Most people know about the beauty of butterflies but what might surprise many is that despite flying at night, moths are equally colourful. And what is more, there are far more species to find. Moths are a hugely diverse group of insects with about 1,500 different species occurring in Ireland; many of which are small and almost impossible to identify. The larger of these are described as ‘macro-moths’ and these can, with care, be identified. There are 578 different species of these to keep you busy identifying.
Finding moths can prove a bit of a challenge. Scanning an outside light at night gives you some indication that there are moths out there to be found. But to really begin to find what moths are in your garden, you need a moth trap. I have one, a small portable Heath trap. This is essentially a tin box with a funnel on top into which sits a small fluorescent bulb. The bulb emits a whitish-blue light (technically called actinic light) which is attractive to moths but is not too bright for human vision. The moths approach the bulb, fall into the box through the funnel, then settle underneath the egg cartons until inspected and released in the morning. The trap runs off a 12 volt car battery allowing me to place it in different spots around the garden.
Moth identification can be difficult and overwhelming if you get a good catch in your trap. Most moths fly in the warm summer months, so putting a moth trap our early in the year when fewer moths are caught, is a good idea. You can take you time examining your catch, and identification doesn’t do your head in, at least not too much! I set up the trap last night, the first time this year, but didn’t really expect to catch many moths. The evening turned really cold, with a nasty cold easterly breeze.
I remember Angus Tyner, one of the fathers of moth recording in Ireland, once describing opening moth traps in the morning was like opening a different present each day for you never knew what delights awaited you. I opened mine and was delighted to find eight moths of four different species. And what is more, I was able to identify all four. In the trap were four Hebrew Character, two Clouded Drab and one each Early Grey and Pale Pinion.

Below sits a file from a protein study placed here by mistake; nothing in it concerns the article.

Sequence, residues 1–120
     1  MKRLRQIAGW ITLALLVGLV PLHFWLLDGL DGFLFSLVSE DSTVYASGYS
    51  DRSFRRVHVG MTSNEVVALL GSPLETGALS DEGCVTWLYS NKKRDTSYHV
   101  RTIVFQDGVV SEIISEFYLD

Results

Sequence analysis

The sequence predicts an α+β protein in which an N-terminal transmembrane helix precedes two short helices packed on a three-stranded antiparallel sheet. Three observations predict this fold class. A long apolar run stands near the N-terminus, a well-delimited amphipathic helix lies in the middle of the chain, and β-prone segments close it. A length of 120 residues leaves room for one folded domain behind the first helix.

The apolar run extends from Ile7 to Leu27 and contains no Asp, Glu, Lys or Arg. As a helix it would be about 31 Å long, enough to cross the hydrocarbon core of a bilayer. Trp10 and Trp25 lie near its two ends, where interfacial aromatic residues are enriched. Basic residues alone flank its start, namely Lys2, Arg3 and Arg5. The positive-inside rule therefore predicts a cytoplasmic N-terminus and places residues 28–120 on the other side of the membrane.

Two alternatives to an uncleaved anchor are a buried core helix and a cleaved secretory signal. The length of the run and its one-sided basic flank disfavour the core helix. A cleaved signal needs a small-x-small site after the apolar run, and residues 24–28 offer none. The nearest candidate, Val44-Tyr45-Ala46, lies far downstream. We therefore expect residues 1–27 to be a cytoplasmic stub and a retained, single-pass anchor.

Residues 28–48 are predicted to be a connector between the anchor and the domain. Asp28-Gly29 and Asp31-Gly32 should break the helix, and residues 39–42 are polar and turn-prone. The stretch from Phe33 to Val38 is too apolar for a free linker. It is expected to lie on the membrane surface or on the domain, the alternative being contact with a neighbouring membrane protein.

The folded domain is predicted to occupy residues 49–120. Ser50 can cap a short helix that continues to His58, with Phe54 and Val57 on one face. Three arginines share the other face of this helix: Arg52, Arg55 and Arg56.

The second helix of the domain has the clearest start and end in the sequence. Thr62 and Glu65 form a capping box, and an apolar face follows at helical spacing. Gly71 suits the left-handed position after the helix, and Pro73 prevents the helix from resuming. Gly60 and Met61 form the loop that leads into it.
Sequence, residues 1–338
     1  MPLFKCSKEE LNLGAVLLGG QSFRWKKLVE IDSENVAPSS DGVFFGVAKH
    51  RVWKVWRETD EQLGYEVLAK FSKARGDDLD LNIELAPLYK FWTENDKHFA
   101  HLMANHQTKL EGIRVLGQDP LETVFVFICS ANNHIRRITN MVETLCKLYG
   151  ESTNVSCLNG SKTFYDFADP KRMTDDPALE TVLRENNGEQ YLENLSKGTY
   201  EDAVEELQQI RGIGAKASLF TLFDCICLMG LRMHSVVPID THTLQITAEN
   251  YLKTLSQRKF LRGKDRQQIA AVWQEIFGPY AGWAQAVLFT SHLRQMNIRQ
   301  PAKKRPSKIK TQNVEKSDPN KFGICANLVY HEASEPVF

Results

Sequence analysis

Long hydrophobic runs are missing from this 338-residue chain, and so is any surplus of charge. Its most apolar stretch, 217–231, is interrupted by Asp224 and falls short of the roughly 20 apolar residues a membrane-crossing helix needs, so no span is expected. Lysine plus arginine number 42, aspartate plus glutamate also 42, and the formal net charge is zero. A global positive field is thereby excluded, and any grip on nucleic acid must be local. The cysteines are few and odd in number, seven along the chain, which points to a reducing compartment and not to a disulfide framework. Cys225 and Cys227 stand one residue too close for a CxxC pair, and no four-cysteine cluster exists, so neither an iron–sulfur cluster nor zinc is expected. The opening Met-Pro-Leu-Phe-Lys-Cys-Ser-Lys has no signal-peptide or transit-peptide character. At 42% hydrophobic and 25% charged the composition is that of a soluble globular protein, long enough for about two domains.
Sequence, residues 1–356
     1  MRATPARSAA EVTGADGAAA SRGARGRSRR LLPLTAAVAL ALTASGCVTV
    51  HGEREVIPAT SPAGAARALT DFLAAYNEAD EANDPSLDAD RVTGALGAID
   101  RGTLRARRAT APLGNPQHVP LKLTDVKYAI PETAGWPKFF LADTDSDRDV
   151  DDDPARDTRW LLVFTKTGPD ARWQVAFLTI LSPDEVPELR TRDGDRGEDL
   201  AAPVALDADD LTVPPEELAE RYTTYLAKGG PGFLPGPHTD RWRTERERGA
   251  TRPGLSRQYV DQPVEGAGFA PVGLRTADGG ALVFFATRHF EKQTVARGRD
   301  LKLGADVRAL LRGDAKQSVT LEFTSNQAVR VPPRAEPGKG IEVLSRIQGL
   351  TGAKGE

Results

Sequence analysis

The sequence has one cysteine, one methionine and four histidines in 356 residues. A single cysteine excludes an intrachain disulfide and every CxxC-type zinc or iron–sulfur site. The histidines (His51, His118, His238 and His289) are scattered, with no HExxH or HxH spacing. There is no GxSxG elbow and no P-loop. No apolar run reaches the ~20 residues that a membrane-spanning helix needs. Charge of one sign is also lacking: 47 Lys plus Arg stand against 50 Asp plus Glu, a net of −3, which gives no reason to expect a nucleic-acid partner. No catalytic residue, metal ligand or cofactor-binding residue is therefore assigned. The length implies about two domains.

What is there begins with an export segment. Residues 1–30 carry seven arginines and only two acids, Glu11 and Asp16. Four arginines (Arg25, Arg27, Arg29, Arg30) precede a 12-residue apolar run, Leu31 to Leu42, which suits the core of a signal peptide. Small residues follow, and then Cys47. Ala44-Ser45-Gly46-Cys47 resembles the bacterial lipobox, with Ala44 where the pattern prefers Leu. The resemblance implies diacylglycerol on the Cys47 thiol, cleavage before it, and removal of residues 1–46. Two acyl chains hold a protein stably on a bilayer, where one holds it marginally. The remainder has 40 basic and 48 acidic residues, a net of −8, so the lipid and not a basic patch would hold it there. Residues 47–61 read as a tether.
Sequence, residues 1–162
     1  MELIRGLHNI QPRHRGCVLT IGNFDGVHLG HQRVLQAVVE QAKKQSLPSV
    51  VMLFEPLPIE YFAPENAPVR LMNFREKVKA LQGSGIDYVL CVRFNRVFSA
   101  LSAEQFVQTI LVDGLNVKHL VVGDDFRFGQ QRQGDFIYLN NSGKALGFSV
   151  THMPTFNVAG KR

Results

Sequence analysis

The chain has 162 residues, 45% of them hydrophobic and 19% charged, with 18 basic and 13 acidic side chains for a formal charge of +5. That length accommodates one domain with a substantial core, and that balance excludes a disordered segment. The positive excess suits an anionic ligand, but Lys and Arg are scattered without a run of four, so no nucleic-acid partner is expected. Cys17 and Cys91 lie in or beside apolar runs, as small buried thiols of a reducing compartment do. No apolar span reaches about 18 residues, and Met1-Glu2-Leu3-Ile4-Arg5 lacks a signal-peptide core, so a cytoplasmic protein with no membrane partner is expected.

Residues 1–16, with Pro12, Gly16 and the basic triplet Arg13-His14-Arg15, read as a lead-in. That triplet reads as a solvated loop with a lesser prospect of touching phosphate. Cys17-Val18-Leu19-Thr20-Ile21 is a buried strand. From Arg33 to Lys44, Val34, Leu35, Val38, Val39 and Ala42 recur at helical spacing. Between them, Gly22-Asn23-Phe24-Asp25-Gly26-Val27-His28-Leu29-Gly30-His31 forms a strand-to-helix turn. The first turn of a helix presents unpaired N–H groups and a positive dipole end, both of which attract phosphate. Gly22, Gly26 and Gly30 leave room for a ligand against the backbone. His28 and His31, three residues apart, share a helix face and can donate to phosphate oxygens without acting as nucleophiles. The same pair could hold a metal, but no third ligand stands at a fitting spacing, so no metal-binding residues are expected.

Another attraction of moths is that they have wonderful names. For centuries those who studied moths, Lepidopterists, have been naming moths on behavioural characteristics and patterns on their wings that help to distinguish one species from the next. Carl Linnaeus came along and put more structure on naming of organisms by giving each a unique Latin name, based on two components, a family name and an individual name. This naming system, what is referred to as binomial nomenclature, has stood the test of time and is how scientists still refer to organisms. Nevertheless because of advances in science and the constant evolution of knowledge, species naming has become both a wondrously rich and equally perplexing tapestry of names, homonyms and synonyms. One of the four moths I caught last night is called the Hebrew Character with the scientific name Orthosia gothica. The common name, Hebrew Character, refers to the black saddle-shaped mark on the centre of its forewing, because it was seen to resemble the Hebrew letter ‘nun’, equivalent to our letter ‘n’. Linneaus, however, saw this pattern as more Gothic in form, hence called it ‘gothica’. So, you see, while there is a reason why scientists need to be precise as to which species they are referring, that does not necessarily mean that there is much logic unpinning the names the species have acquired.